Today, in addition, China has a commitment to ameliorate poverty and reduce unemployment, is facing ever more serious environmental problems, and has to cope with unimaginably fast rates of urbanization and social change. China needs to sustain dizzying rates of economic growth simply to absorb the surplus labor that is continually arriving in urban areas from the countryside.

Ironically, the export-driven growth model and trade surplus policy that have made China so wealthy over the past two decades have also made China more vulnerable in some respects.

As foreign markets shrink in the global recession, domestic markets are not nearly prepared to take up the slack. A nation of savers can’t be turned into a nation of spenders overnight. So, vast reserves of Chinese labor and capital will sit idle during this recession, rather than being put to work to raise the nation’s living standards.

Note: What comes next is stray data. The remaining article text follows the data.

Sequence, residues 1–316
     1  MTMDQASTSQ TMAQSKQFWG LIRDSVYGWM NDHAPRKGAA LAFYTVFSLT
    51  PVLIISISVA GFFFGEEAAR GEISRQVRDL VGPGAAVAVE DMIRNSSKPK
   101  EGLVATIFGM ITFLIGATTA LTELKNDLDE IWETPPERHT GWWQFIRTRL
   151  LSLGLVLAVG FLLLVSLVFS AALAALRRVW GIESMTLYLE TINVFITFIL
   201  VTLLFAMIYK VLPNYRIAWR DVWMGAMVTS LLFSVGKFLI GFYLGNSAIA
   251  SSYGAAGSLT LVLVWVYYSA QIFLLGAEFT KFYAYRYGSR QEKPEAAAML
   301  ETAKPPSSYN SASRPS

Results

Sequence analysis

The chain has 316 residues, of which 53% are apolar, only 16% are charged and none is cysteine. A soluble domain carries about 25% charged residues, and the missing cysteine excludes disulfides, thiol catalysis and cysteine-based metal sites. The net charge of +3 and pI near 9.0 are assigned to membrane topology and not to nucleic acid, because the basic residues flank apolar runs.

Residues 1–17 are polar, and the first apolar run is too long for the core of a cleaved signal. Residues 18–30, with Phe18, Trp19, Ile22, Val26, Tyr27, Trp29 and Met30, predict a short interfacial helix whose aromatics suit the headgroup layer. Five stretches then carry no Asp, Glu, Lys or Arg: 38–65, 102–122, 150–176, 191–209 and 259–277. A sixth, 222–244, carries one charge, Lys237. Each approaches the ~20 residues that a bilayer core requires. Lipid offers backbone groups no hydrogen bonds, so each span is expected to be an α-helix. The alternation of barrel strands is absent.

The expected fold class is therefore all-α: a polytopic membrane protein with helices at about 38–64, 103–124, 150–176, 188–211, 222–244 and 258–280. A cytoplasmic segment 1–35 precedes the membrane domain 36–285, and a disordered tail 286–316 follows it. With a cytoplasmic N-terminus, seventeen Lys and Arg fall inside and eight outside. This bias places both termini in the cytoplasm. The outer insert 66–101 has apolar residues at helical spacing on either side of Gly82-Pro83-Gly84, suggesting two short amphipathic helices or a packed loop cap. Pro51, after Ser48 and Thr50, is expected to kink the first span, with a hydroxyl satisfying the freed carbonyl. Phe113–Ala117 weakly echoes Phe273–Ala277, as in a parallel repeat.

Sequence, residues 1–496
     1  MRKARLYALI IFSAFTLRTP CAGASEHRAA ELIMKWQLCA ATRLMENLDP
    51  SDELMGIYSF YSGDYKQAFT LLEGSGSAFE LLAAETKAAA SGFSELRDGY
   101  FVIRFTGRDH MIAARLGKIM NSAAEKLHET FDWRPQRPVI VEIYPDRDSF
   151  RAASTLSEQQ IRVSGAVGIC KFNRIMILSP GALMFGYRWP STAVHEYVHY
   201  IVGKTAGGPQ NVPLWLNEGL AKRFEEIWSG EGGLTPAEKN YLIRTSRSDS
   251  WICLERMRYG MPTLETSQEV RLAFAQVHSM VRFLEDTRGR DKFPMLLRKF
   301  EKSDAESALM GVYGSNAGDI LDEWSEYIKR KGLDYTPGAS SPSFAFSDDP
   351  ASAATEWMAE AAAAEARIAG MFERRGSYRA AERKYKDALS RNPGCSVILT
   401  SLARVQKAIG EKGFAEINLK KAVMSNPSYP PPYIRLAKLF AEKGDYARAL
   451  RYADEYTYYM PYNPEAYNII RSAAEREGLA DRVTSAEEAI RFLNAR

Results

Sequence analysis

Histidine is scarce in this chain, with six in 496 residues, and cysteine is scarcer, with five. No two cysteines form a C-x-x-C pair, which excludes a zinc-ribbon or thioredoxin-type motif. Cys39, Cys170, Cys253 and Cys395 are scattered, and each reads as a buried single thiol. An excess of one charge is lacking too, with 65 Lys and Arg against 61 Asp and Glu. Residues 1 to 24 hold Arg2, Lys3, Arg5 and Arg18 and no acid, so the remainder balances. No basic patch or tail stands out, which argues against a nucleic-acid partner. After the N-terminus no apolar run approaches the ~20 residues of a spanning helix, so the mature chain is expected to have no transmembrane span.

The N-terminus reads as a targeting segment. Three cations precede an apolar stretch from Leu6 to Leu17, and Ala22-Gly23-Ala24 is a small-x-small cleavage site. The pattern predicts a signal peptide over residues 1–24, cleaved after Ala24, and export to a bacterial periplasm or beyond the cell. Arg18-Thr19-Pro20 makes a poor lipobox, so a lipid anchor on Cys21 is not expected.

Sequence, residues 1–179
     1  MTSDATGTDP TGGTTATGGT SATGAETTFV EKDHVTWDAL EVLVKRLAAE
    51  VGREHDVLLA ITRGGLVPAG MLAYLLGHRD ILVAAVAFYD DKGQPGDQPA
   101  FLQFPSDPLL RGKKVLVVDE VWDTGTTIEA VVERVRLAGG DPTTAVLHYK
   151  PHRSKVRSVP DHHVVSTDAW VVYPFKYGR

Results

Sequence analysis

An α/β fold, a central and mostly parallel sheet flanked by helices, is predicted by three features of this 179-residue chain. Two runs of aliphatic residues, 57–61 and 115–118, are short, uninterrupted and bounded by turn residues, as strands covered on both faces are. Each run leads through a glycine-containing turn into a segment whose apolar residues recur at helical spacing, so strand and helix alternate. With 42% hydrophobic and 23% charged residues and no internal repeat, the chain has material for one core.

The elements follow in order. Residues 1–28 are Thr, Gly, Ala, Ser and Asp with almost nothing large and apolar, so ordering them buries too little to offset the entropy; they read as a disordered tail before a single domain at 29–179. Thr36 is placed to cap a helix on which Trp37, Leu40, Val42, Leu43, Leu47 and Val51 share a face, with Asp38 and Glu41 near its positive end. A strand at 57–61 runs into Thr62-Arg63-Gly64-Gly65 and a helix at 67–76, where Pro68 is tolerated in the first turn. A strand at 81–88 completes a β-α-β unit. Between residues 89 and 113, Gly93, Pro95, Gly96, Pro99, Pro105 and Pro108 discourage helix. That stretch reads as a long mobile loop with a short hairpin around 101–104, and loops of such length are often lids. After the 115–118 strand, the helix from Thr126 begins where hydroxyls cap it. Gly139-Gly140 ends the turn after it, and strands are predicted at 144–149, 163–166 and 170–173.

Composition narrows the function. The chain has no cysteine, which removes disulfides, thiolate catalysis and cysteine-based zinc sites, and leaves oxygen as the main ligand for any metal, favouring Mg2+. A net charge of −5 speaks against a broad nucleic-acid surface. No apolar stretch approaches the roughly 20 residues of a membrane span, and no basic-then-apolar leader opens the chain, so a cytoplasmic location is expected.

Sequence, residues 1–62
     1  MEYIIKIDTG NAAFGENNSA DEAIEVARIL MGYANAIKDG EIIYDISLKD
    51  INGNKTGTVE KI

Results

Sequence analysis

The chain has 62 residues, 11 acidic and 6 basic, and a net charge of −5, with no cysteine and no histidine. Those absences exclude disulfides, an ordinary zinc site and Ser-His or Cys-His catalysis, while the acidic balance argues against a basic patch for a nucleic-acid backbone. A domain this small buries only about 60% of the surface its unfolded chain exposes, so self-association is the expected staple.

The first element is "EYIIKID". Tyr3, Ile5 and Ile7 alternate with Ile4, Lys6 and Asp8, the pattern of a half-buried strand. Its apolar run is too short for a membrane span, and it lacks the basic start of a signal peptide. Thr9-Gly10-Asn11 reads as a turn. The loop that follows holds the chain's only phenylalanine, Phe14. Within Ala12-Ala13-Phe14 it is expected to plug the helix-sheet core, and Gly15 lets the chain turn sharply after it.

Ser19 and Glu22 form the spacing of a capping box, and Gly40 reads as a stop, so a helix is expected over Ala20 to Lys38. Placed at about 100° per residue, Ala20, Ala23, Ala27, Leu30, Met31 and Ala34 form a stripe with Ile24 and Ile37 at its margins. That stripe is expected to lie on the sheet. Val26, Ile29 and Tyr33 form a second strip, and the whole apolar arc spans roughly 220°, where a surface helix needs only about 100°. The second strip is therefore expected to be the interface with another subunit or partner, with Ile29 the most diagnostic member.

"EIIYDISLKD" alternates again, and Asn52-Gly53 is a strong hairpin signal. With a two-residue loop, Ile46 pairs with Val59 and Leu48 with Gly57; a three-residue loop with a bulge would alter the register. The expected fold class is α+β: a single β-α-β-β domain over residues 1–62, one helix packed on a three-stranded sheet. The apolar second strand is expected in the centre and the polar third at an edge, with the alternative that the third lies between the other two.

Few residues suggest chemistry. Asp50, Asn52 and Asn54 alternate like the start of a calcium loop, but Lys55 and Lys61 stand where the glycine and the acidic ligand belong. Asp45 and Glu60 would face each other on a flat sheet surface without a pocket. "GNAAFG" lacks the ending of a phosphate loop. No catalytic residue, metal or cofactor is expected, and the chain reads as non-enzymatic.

Sic transit gloria mundi — “thus passes the glory of the world.” There was no security for the Qing in their trade surplus. The Qing declined with the ebb of silver and the flood of opium, and were ultimately swept away in the early twentieth century. The British, in turn, were left stripped of empire and saddled with debt barely half a century later.

Today, the debt-ridden United States may already be past her superpower prime, despite President Obama’s optimistic oratory. Communist China appears to be on the ascendant, economically and geopolitically — but no one knows better than the Chinese, who have experienced and chronicled the rise and fall of empire for over 2,000 years, that good times don’t last forever.

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About Brent Ranalli

Brent Ranalli is an associate at The Cadmus Group, Inc. and a member of the IBM Network Science Research Center.